We got the money back! The drama is over and the lesson is learned. And after this last couple of weeks of heartache and doubt, I think we need a feel good story. I wrote this after a recent trip back home and re-reading it has reminded me that there are still good and loving people in the world. I won’t lose my faith in humanity just yet.
She hugged me as if she’d known me my whole life; as if she’d watched me toddle around the yard making mud pies and trying to catch fireflies in the fading light of a late summer afternoon; as if I’d gone and come home again. And I had. I had been gone from the South for many years. I moved away after college and hopped around the country – D.C., Portland – finally settling in Spokane, Washington with my husband and children. But I had returned again for a reunion weekend with my sister and my high school girlfriends.
The streets and buildings of Atlanta were foreign to me now. Driving around town, I had trouble recognizing where I was. There is a bank billboard on Peachtree Road that tallies the city’s population and just before I went away to college, there were around 2 million people in this city that I loved. But after the Olympic games came to Atlanta in 1996, the city exploded. Now there are close to 6 million people, with the accompanying increase in high rise buildings, businesses, restaurants, housing and traffic. I almost felt like a stranger back in my hometown.
But a stroll around the neighborhoods of Buckhead helped me recall the city in which I grew up. The majestic homes with their expansive, well-manicured lawns, the trees – oh so many trees, their canopy offering dappled shade on a hot day, the smell of Tea Olives and Honeysuckle, and the ease with which strangers greeted each other on the street welcomed me home again.
And then there was Yvonne.
My sister and I had run across the street from our hotel to grab some breakfast. We went to a little place called the Corner Café, situated right off of Peachtree in the heart of Buckhead. It had a lovely outdoor patio area and we rushed to place our order so we could find a table outside to catch the morning breeze and rays of sunshine. That is when we met Yvonne. She was our server that morning. “Ooh, are y’all twins?” she crooned as she brought us our food. She proceeded to dote on us like a mother hen on her chicks. We reminded her of her nieces, she said. She hugged us around our necks, as if we were family.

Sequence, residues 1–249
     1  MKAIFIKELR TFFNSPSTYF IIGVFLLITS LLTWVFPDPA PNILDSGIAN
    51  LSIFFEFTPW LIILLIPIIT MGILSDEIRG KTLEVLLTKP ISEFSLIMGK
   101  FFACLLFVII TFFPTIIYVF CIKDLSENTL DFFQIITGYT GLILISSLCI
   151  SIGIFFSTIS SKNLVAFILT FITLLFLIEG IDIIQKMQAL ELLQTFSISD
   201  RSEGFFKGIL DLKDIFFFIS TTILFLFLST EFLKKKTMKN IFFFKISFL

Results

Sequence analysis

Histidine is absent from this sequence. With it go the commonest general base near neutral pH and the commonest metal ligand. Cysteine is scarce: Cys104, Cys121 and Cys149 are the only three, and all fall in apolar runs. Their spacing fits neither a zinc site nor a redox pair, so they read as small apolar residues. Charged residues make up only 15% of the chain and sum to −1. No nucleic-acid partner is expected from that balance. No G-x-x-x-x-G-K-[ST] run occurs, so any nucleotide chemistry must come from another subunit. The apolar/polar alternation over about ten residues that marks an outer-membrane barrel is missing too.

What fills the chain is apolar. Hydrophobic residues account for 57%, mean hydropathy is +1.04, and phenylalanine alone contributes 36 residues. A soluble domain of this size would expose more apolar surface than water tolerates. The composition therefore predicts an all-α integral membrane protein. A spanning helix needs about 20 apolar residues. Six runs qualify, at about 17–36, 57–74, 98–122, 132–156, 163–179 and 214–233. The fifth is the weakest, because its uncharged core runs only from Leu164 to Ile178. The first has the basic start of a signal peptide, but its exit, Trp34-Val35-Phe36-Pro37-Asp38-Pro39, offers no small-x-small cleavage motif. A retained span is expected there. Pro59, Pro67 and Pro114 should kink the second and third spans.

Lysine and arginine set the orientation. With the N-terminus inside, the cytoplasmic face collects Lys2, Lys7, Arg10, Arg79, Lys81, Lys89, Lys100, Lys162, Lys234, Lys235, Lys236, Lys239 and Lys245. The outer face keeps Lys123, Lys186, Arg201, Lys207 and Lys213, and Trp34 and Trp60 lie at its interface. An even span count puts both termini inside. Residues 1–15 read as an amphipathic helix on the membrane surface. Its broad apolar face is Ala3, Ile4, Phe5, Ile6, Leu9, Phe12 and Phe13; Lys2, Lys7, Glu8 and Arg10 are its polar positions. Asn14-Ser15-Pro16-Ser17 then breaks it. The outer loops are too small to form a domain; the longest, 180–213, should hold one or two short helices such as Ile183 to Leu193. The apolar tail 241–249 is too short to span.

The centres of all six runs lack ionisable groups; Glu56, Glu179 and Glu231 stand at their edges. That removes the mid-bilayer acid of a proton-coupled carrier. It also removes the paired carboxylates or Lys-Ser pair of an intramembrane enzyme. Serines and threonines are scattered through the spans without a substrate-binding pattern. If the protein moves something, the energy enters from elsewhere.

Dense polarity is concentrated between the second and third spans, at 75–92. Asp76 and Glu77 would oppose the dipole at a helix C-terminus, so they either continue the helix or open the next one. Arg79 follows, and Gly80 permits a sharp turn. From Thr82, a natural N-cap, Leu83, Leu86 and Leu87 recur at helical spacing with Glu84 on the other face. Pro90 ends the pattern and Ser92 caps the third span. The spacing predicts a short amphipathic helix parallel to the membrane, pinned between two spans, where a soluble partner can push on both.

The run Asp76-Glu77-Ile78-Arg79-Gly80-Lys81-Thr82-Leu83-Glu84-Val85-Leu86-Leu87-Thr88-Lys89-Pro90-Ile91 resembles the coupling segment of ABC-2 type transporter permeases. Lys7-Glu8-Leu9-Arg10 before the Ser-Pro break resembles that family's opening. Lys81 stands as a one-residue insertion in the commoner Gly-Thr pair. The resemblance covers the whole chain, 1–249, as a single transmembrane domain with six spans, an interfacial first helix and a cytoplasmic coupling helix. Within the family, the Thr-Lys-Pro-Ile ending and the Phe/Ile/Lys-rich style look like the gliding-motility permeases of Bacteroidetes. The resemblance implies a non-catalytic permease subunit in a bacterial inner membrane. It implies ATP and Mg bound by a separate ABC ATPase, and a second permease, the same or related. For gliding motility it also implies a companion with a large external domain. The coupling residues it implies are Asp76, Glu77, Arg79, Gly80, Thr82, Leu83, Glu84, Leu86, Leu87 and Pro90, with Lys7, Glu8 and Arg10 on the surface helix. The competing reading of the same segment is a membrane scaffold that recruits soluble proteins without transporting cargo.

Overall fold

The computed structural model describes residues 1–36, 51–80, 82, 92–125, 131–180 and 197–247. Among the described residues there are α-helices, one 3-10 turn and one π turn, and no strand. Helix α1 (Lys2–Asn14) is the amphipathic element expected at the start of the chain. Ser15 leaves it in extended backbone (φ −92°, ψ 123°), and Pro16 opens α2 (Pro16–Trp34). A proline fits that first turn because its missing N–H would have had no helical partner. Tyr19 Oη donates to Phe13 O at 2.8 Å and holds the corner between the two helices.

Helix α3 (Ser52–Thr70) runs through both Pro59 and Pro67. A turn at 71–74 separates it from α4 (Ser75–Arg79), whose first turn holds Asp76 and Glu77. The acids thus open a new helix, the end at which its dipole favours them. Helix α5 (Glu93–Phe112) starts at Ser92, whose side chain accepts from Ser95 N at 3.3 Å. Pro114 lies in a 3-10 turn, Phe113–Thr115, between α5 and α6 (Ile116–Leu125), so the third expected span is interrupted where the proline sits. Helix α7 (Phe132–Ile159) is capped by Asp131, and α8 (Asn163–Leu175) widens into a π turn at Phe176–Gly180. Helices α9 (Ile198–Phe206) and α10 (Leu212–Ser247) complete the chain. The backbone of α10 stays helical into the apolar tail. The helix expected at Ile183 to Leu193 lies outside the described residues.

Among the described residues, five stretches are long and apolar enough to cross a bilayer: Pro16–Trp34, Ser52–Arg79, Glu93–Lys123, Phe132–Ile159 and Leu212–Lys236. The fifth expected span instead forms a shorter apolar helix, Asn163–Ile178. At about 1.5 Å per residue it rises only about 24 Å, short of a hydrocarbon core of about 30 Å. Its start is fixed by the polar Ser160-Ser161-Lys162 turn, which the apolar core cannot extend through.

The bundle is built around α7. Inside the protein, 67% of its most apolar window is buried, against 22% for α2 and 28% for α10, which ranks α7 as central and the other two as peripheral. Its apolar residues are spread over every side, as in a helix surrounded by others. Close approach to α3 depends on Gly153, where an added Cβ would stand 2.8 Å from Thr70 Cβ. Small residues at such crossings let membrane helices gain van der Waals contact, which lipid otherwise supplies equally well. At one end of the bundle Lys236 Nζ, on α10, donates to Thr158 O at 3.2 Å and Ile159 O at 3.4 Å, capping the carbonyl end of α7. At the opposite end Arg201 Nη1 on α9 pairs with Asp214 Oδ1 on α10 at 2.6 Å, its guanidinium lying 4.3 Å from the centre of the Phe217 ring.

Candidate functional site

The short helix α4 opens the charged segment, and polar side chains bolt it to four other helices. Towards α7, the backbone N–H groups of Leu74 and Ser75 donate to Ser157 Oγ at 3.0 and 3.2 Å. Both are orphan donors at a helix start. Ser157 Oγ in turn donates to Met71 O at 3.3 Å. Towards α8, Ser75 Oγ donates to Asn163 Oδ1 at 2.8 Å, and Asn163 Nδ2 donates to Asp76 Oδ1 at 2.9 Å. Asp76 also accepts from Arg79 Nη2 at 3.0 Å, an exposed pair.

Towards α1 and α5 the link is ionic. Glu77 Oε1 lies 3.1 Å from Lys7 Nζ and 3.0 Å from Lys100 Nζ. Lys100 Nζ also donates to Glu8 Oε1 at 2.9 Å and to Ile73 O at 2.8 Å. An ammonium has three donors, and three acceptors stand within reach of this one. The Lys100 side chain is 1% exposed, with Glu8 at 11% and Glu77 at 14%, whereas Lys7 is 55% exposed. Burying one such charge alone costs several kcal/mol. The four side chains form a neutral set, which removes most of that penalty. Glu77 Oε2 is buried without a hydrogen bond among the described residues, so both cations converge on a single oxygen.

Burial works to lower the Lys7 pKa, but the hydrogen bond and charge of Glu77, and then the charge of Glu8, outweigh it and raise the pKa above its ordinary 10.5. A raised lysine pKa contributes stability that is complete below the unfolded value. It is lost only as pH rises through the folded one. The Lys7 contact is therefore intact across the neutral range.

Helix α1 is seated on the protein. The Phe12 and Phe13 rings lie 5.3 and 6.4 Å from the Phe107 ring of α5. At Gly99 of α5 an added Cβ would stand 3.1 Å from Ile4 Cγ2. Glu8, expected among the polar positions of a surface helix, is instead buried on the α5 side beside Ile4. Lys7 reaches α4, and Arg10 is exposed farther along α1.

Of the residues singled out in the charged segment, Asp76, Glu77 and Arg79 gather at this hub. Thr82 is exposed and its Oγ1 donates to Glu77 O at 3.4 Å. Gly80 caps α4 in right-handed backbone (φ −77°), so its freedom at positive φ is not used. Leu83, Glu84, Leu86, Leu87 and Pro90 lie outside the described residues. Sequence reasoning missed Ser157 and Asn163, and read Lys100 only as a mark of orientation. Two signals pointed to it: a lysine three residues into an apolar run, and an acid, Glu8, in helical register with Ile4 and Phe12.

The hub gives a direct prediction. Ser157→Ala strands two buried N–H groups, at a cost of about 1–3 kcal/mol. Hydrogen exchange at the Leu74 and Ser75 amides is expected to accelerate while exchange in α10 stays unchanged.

As we sat and ate our breakfast and watched Yvonne work the patio, we remarked how she did this with every single person who sat down. Some she obviously knew but most she did not. These were strangers whom she welcomed as if she were welcoming them into her home. She fussed over babies and children. She stood at each table a while and visited with folks. Even now I get a lump in my throat and a warm, fuzzy feeling just thinking about it.
As I said, I’ve been away from the South for a long time. I always knew I’d move away and sometimes I’ve felt like a false Southerner. When people find out that I grew up in Atlanta, they always say “But you don’t have a Southern accent!” And, I don’t. The little bit of one that I had went away a long time ago. My sister says I have more of a Midwest accent now, and that is probably true. My in-laws are from North Dakota and Minnesota and I sometimes find myself talking about hot dishes and saying things like, “Oh, fer sure” and “Yeah, you betcha!” But when I get around people from the South, particularly those with a graceful drawl and a welcoming way, my “y’all” comes back. I speak more slowly. I put a “miss” or a “mister” in front of people’s first names. I say, “Yes ma’am” and “Yes sir” when speaking to my elders.
That day, Miss Yvonne reminded me of what it felt like to be a Southerner and she reminded me of the positive impact that one person can have upon another, just with a smile, a hug, and a genuine interest in how that person is doing. As we left the restaurant, I gave Miss Yvonne a note to say thank you – for being a bright spot in my day and for reminding me of what I missed about the South. She hugged us and kissed us on the cheeks and said she’d look forward to seeing us next time.
When I find myself back in Atlanta next, you can bet I’ll be stopping by the Corner Café to see Miss Yvonne. She represents everything that I miss about the South and it is people like her who make the South still feel like home to me, even after all these years.